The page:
There’s a reason that the Giulia Quadrifoglio’s interior foibles seem as petty as they are, and it’s to do with the way the car drives. In the past you might have found an Alfa with a breathtaking engine but so-so handling, but as we’ll see, that isn’t the case any more.
It’s not that the engine is the bad sibling in this relationship – any motor that shares this much with powerplants that come out of Modena is unlikely to be.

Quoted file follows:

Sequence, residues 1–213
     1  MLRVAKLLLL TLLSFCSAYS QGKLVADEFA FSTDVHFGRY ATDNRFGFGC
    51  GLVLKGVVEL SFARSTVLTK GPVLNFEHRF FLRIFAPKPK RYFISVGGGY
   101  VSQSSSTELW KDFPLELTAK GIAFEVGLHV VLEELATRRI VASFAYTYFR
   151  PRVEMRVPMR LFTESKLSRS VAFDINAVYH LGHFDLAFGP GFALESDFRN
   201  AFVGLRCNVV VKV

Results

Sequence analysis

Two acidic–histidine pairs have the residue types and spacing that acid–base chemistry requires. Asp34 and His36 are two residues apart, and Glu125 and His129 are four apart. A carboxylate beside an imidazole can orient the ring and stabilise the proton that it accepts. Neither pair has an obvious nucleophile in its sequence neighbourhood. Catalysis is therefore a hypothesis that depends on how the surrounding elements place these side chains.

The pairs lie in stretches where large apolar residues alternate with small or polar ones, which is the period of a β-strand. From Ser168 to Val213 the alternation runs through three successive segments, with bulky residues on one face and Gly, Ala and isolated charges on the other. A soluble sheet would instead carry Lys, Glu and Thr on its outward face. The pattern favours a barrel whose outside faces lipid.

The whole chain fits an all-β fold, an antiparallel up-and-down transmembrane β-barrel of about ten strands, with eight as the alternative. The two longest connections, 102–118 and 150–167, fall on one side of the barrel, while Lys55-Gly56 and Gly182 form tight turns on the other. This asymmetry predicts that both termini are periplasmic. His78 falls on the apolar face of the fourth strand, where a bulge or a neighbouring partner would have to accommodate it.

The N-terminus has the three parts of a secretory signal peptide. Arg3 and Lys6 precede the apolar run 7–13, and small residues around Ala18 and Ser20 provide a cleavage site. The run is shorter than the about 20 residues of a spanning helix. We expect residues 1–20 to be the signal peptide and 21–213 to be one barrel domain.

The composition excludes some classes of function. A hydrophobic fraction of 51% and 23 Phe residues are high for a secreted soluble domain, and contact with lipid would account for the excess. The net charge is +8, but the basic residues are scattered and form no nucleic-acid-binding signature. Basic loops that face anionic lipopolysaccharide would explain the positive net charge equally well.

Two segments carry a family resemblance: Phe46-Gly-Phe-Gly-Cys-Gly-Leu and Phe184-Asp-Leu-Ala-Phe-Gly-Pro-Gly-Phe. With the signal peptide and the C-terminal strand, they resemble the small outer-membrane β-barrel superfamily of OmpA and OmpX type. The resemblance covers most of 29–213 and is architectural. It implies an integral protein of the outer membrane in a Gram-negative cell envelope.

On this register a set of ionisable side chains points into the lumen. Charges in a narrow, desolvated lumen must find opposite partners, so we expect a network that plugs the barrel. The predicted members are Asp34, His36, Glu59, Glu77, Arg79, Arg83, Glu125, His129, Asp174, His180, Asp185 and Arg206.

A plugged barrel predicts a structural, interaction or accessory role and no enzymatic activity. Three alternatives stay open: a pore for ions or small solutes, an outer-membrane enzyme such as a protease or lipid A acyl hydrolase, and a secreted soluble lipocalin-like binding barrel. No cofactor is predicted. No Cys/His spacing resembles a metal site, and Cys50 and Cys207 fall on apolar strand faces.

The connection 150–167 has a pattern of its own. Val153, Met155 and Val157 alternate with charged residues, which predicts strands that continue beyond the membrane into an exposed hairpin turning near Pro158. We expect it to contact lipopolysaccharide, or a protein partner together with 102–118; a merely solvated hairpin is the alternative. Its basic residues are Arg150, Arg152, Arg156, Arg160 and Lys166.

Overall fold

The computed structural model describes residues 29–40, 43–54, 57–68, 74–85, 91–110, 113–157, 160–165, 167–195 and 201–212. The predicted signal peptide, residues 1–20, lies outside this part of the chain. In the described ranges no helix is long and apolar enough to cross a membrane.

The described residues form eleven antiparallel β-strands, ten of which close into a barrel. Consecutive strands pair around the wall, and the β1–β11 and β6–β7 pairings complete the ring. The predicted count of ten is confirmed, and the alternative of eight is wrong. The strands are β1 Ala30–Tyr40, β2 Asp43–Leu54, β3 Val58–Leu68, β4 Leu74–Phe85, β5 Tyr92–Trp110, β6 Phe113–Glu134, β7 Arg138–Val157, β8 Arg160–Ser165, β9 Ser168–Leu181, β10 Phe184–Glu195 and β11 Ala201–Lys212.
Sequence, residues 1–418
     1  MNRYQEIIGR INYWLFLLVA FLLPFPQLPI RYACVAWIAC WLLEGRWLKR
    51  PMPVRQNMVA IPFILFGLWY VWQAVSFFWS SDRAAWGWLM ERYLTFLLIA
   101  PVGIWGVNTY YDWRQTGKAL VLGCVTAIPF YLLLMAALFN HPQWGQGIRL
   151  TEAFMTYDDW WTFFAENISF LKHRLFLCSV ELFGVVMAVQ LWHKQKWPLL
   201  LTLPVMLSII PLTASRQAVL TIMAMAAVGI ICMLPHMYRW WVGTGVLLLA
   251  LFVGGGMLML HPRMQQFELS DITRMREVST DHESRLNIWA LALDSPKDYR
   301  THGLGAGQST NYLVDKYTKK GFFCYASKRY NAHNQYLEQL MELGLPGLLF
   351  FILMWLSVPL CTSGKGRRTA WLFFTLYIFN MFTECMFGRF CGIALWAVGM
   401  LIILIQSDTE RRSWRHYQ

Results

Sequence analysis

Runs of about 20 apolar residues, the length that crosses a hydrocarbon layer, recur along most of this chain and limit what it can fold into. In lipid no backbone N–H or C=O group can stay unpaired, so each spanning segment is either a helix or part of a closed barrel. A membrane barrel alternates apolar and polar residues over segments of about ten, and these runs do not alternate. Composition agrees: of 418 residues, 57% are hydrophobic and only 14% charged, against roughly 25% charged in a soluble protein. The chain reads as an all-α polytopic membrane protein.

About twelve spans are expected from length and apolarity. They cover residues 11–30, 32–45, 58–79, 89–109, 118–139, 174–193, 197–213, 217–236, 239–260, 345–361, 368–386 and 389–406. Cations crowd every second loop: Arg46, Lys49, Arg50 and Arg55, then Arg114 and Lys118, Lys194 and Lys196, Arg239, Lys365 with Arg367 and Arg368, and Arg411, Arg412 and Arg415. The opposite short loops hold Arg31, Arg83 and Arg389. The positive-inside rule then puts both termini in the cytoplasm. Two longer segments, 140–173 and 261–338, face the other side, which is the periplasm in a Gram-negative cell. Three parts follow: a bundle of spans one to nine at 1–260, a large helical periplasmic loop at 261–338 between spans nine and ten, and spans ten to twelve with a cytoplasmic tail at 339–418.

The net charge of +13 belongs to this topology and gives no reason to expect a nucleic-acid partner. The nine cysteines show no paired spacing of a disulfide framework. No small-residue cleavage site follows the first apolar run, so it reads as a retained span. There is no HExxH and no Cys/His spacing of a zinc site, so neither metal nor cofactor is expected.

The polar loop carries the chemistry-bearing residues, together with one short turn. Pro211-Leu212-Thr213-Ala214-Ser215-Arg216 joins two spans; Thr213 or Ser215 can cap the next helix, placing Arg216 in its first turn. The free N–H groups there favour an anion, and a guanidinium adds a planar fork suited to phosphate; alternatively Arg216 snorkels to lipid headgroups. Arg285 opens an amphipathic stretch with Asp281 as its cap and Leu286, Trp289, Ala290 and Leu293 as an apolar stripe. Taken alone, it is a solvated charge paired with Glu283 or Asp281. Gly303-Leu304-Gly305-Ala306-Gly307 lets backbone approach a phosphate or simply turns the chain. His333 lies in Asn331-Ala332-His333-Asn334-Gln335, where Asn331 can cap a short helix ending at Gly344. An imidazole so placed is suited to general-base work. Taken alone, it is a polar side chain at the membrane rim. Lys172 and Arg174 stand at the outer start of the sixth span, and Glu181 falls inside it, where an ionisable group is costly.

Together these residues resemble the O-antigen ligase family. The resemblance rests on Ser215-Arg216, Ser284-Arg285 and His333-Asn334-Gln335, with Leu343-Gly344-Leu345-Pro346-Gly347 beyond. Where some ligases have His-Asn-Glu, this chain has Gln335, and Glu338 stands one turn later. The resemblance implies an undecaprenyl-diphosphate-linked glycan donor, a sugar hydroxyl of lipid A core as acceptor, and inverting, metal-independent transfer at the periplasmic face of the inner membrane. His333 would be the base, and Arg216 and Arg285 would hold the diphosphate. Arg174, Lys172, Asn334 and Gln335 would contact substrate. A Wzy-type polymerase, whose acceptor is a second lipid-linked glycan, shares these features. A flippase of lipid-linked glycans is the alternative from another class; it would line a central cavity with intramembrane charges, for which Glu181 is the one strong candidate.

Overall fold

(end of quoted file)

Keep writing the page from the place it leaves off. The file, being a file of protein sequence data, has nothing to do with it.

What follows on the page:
The V6 fires to a purposeful, if not spiteful, idle, with the impression that air is being moved around in gruff amounts.
It’s no C63, but it is the equal of a BMW M3 when it comes to suggested intent. Ditto when you pull away, particularly if you twist the DNA drive mode selector to D (for dynamic), which increases the exhaust woofle, sharpens the throttle response and affects which gear the transmission opts to put itself in.
On part throttle, mind, there’s an occasional hesitancy: sometimes it gives you more than you ask, sometimes less, but it’s very slight and only just enough to prick your consciousness.